Google Compute Engine or GCE is Google’s IaaS offering in the increasingly crowded cloud computing market. It started its operations in 2013. It makes it easy for you to have access to virtual machines that deliver large amounts of computing power in a cost-effective, secure cloud environment which spans 24 Google Cloud regions.
Compute engine is one of the three core services that are available out of any cloud platform, be it GCP, Azure or AWS.
Those services are: Virtual Machines, Code & Containers, and Serverless
- Since this service from Google is new, they decided to go head-to-head Amazon’s EC2 instances (which started in 2006) and others by keeping novel billing model that differs somewhat from the norm just to attract customers.
- Each VM is charged for a minimum of [an initial] 10 minutes followed by 1 minute increments, rounded up to the nearest minute.
- Google also throws in sustained-use pricing, in which the hourly rate is tiered downwards the more you use the virtual machine in a given month.
- At 100% usage in a month for example, a customer will have saved 30% on the baseline rates.
- “You pay for what you use” – if you know your usage up-front, you can take advantage of Committed Use Discount which saves up to 57% savings without any up-front costs.
- GCP is used by companies like Spotify, HSBC, Snapchat, Philips, Domino’s, Coco Cola, HTC, etc.
Advantages over Amazon’s EC2 instances
- Google’s instances start up much faster than Amazon’s, by a factor about 60-80%
- At the entry level, an Amazon m1.medium instance (1 CPU, 3.75 GB RAM) cost US$0.12/hour while a similar GCE n1-standard1 instance (1 CPU, 3.75 GB RAM) cost US$0.10/hour.
- At the high end, an Amazon m3.2xlarge VM (8 cores, 30GB RAM) cost US$0.90/hour, while the similar GCE n1-standard8 cost US$0.83/hour
When to use GCE?
Compute Engine is great for when you need more control of the underlying infrastructure. You might want to use this when:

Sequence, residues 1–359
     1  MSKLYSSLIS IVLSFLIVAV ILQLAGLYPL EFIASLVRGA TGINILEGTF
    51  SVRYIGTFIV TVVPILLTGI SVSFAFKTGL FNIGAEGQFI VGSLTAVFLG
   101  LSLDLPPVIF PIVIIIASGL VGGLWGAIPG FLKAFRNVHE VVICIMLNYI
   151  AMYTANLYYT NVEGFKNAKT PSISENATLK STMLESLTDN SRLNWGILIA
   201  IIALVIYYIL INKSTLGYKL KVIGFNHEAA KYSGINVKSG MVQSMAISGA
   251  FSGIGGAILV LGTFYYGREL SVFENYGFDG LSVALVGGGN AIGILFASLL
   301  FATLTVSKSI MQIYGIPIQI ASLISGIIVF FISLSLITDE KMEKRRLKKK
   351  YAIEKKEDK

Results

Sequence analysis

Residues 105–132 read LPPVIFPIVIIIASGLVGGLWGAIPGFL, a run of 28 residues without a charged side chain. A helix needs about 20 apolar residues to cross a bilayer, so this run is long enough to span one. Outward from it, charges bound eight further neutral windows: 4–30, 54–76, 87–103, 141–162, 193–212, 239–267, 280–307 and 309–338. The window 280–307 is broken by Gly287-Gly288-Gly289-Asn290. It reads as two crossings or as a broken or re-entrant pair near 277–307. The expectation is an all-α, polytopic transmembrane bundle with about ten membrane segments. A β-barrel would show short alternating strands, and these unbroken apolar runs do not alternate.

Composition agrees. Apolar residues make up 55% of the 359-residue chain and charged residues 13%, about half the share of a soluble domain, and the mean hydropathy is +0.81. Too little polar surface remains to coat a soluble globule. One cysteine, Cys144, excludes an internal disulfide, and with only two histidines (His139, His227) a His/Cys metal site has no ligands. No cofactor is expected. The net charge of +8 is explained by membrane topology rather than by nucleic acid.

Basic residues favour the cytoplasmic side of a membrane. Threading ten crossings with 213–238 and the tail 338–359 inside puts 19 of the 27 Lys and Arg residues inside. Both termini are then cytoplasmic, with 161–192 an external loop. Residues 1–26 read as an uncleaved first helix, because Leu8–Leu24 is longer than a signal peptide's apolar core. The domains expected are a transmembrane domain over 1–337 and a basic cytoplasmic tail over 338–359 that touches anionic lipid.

- You are migrating your apps from on-premises servers or from another cloud service.
- You want to run Windows or other 3rd party applications where you are bringing your own license (BYOL) to CGP or use a license-included VM image. These include ones available in the GCP Marketplace.
- You have a highly customized business logic or you want to run your own storage system.
- You want to have the choice of preset or custom machine sizes that most closely resemble your on-premise structure to best support your workloads.
Google Cloud offers a wide range of Compute Engine machine types. These include:
- General-purpose (N1, N2, N2D and E2) machines that offer the best price-performance ratio. Uses: Web-servers, databases
- Memory-optimized (M2) VMs that offer higher memory per core, up to 12 TB. Uses: In-memory databases, SAP Hana, In-memory analytics
- Compute-optimized (C2) machines that offer the highest performance per core for compute-intensive workloads. Uses: Gaming, High performance gaming
- Accelerator optimized (A2) machines are based on the A100 GPU, for very demanding applications. Uses: Machine learning, Medical analysis
- Shared-core machines for N1 and E2 VMs for a cost-effective way to run small, non-resource-intensive applications.
You also can use what are known as preemptible VMs. These are low-cost, short-term instances that are ideal for running batch jobs and fault-tolerant workloads. Google Cloud indicates that these VMs cut budgets up to 80% over traditional VMs but offer the same performance and capabilities for short-term use.
Reference for machine types: https://cloud.google.com/compute/docs/machine-types
Regions and Zones